A huge sinkhole that won't stop growing has shut down a stretch of Highway 101 in coastal Oregon.
"It's massive. There's just no other way to describe it," Jared Castle, Department of Transportation spokesman for southwest Oregon, told NBC News.
The state closed down part of 101 in Harbor, Oregon, on Thursday night due to the sinkhole, which is the second sinkhole in as many months in the area. The first one opened on Dec. 13 in a restaurant parking lot next to the highway and, like Thursday's sinkhole, just kept growing.
The two sinkholes "probably have now met," Castle said, creating one gaping hole in the highway.
"It's a monster," he said. Officials did not know how big it was, but said its depth exceeds 60 feet.
There have been no injuries or evacuations, and officials have re-routed traffic to a detour that runs parallel to the highway, which Castle says will only add 5 or 10 minutes to drivers' commutes.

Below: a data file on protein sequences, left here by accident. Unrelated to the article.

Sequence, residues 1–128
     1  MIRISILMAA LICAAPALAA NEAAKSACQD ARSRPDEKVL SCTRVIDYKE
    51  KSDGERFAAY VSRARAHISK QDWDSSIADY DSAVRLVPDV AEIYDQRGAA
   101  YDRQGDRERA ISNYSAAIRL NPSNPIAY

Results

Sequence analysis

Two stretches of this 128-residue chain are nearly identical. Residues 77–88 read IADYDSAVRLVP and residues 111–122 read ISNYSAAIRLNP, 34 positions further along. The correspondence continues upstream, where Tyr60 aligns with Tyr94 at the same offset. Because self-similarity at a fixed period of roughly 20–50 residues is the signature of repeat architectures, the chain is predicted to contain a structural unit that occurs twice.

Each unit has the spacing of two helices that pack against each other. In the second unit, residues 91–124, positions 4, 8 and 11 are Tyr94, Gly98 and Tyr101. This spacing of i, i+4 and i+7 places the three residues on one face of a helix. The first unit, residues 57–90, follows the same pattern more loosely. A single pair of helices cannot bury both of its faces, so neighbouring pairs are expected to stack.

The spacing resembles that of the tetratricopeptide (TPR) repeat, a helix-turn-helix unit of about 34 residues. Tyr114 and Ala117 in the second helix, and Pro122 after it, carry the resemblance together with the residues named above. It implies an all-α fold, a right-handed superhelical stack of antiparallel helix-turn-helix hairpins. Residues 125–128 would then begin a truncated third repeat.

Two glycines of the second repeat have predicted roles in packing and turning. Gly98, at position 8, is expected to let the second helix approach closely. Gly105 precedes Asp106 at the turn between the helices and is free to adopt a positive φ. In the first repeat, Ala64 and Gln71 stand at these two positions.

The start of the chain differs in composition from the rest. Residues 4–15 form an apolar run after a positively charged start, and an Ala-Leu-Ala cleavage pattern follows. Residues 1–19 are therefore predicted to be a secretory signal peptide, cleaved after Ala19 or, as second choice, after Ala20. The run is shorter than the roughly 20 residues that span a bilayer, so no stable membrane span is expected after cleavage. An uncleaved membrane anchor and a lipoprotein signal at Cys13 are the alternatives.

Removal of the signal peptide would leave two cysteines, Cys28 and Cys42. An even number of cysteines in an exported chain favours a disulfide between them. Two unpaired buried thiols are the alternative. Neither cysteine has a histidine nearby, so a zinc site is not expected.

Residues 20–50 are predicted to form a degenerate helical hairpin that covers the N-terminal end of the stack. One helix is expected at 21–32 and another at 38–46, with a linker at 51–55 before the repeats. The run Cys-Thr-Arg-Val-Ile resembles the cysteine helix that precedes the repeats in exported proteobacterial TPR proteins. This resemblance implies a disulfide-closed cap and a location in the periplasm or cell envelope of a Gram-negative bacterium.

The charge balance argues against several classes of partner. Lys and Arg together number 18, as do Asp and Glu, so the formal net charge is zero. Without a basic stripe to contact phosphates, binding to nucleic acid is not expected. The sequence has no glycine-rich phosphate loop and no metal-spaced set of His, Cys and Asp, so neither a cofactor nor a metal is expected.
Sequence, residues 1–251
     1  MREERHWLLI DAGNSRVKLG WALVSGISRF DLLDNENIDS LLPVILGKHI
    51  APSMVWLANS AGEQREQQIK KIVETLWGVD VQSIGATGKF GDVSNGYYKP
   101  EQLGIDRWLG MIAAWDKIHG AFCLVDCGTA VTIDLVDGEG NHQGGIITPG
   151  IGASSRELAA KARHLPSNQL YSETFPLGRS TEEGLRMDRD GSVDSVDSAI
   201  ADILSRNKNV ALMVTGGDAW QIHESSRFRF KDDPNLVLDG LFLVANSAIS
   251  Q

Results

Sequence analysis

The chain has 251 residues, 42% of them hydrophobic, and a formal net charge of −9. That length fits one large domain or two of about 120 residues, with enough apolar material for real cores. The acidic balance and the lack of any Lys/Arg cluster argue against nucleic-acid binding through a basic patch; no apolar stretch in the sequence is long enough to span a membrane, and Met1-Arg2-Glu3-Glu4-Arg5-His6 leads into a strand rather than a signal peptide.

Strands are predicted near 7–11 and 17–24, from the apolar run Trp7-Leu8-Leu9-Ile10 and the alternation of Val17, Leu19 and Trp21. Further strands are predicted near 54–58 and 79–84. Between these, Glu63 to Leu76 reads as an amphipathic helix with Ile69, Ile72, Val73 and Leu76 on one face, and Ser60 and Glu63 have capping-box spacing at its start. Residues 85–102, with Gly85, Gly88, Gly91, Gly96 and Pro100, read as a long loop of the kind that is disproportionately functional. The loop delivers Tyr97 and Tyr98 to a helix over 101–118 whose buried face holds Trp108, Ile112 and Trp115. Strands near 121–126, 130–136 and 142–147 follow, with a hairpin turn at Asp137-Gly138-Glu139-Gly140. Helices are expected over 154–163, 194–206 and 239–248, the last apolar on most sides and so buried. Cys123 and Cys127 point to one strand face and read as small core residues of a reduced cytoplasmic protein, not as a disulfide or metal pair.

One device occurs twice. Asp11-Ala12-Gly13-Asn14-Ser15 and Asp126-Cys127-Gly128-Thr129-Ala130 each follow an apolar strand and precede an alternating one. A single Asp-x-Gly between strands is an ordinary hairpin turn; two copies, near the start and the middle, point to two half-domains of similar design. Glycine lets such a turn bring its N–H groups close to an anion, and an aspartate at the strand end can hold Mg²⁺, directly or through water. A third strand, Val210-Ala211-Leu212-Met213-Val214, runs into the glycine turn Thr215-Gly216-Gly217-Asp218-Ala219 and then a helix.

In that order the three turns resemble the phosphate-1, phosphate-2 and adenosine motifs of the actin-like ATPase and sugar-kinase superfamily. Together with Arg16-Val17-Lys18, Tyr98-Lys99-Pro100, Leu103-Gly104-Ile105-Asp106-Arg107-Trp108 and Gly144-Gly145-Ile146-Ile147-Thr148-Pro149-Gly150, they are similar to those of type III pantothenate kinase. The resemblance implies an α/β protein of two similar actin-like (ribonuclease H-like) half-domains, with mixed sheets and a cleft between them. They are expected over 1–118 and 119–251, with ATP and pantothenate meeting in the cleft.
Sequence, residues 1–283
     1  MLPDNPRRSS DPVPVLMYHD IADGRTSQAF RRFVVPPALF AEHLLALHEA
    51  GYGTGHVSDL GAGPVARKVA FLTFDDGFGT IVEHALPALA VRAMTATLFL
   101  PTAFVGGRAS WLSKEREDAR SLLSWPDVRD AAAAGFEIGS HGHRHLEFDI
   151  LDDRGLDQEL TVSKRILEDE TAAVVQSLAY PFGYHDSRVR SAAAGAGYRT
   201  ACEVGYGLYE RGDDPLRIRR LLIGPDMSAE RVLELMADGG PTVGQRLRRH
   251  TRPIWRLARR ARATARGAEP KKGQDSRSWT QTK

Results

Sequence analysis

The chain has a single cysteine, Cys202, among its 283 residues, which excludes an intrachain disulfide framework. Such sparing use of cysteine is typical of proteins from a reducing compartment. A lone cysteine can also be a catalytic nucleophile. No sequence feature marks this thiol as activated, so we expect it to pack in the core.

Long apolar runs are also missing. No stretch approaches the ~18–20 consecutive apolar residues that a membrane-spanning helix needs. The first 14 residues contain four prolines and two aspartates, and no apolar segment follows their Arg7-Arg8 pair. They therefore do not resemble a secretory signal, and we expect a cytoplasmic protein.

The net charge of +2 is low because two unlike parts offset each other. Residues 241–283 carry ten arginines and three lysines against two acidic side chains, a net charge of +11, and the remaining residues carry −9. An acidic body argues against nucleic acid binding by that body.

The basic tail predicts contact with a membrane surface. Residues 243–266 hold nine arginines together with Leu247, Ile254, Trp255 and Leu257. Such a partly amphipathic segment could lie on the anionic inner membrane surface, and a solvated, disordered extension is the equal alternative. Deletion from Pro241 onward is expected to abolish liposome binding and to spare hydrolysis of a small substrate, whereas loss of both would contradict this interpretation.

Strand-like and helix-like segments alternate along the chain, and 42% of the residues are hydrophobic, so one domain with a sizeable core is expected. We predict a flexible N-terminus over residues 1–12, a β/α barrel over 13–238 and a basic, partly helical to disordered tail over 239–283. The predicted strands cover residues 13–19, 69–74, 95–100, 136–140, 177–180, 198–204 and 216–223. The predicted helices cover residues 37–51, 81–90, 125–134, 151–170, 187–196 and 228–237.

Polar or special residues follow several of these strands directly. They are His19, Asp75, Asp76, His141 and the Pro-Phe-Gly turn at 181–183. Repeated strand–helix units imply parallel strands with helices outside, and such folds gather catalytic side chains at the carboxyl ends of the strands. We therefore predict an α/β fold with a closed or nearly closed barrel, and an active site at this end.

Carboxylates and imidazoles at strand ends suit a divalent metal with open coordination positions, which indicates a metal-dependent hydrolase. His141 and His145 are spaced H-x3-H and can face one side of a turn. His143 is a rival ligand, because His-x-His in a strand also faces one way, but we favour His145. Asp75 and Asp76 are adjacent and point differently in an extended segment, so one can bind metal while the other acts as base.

The sinkholes formed after a series of heavy rains pounded the Oregon coast, causing a landslide north of Harbor and shutting down other highways due to debris flow.
Sinkholes and landslides frequently occur in the region because of the geology of the area, Castle said.
"It's just part of the battle of having the Oregon Coast Highway located where it's at. It's a road built in a place where Mother Nature never intended for there to be a road," he said.
Transportation workers have been "gently" trying to repair the sinkhole for the last month, but now are bringing in heavy equipment, Castle added. The stretch of Highway 101 is expected to reopen by March.